Why doesn’t Las Vegas more fully embrace its socially libertarian roots?
Because those roots aren’t the moral free-for-all some think they are. Yes, our state legalized gambling; yes, some Nevada counties have decriminalized prostitution; and yes, Las Vegas has a bawdy (though somewhat fading) reputation as “Sin City.” But this all came about during our tenure as a frontier state, starting in the 1860s when fortune-seeking miners flooded the West. It was those adventurous risk-takers who brought their desire for booze, babes and gambling to Nevada and Las Vegas (hence, our city’s original sin zone, Block 16).
But our history is more complex than that, owing to the confluence of the Three M’s: Miners, Mormons, and Mobsters. Freewheeling miners may have created Nevada’s market for goods and services, but it was the rather less freewheeling members of the Church of Jesus Christ of Latter-day Saints who built the enterprises that served that market—from early dry-goods stores to the banks that funded the casinos.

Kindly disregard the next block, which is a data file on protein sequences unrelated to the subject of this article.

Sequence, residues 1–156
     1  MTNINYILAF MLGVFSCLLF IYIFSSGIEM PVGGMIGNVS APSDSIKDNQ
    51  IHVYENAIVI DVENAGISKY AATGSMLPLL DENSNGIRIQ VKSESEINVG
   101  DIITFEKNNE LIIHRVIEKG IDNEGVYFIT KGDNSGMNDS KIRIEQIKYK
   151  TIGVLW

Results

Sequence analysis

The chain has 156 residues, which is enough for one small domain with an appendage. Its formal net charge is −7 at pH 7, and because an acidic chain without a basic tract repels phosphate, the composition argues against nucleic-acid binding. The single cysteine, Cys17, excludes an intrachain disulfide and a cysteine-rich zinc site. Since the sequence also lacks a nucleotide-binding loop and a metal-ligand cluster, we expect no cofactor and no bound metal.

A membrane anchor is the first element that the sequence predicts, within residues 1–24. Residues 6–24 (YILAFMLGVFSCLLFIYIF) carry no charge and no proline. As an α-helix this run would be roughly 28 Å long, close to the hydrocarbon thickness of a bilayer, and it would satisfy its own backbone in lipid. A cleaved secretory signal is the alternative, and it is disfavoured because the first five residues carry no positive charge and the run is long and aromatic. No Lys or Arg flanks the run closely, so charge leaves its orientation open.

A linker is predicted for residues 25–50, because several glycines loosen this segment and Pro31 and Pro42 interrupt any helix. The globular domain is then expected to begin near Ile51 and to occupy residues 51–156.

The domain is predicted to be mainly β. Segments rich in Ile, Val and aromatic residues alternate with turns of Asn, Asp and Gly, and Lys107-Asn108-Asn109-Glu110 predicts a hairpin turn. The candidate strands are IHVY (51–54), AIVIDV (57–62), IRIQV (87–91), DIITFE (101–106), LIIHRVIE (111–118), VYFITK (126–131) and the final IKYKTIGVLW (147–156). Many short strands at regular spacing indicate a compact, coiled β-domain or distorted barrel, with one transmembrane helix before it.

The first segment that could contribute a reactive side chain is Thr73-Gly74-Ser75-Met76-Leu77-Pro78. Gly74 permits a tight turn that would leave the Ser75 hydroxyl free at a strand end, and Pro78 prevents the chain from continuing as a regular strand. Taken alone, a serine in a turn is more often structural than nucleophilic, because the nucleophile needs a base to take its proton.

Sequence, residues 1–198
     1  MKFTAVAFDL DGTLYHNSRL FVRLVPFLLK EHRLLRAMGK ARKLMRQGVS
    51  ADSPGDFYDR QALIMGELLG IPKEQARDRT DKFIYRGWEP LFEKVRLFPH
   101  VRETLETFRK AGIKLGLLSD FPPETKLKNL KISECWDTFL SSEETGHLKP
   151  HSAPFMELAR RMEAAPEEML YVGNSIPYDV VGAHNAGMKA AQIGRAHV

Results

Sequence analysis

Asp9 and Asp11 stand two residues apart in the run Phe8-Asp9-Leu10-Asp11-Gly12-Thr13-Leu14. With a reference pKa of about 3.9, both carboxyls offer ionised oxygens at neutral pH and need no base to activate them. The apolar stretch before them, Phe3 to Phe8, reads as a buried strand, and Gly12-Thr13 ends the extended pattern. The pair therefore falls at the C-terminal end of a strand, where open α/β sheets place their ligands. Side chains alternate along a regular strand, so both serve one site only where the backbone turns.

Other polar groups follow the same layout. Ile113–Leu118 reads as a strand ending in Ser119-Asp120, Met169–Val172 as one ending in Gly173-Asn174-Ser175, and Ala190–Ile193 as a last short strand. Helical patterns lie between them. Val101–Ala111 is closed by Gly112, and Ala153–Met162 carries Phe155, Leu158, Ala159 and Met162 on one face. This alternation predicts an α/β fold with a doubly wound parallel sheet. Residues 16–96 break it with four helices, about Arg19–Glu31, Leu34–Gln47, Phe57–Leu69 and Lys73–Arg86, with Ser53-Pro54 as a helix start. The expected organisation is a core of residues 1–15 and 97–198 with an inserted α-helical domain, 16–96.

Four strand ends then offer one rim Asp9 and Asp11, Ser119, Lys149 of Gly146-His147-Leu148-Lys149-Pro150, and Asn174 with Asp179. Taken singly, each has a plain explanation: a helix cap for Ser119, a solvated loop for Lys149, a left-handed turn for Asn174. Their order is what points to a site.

The Three M’s—representing what we might now call “moral diversity”—all exerted strong influence over the evolution of Southern Nevada. Ultimately, the groups found it was profitable to work with one another. This makes for a heritage far more nuanced than our anything-goes marketing message suggests.
Red Rock Revisited: I recently wrote about two little towns near Red Rock Canyon. Despite having visited both Calico Basin and Blue Diamond many times, I made an error when stating that the latter has a motel. Blue Diamond resident Scott L. emailed to say, “I enjoyed your write-up, but thought you might want to know that there are no motels in Blue Diamond. There is a little apartment complex across the street from the store, but the nearest motel is at Bonnie Springs.” Upon additional research, Scott is correct; the little motel with the themed rooms is indeed at Bonnie Springs Ranch. Thanks, Scott!